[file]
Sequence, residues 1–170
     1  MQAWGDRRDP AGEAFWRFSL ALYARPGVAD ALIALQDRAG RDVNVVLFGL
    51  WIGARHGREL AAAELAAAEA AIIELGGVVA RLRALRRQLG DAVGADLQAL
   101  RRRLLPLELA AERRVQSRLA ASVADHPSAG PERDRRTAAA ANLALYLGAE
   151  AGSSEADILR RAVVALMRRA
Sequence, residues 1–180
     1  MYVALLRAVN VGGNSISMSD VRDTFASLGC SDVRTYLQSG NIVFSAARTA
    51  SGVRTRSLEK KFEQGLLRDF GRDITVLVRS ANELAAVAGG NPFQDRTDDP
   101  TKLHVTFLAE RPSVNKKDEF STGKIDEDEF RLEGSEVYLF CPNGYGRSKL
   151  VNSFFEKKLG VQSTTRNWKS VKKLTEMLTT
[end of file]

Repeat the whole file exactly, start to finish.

Sequence, residues 1–170
     1  MQAWGDRRDP AGEAFWRFSL ALYARPGVAD ALIALQDRAG RDVNVVLFGL
    51  WIGARHGREL AAAELAAAEA AIIELGGVVA RLRALRRQLG DAVGADLQAL
   101  RRRLLPLELA AERRVQSRLA ASVADHPSAG PERDRRTAAA ANLALYLGAE
   151  AGSSEADILR RAVVALMRRA
Sequence, residues 1–180
     1  MYVALLRAVN VGGNSISMSD VRDTFASLGC SDVRTYLQSG NIVFSAARTA
    51  SGVRTRSLEK KFEQGLLRDF GRDITVLVRS ANELAAVAGG NPFQDRTDDP
   101  TKLHVTFLAE RPSVNKKDEF STGKIDEDEF RLEGSEVYLF CPNGYGRSKL
   151  VNSFFEKKLG VQSTTRNWKS VKKLTEMLTT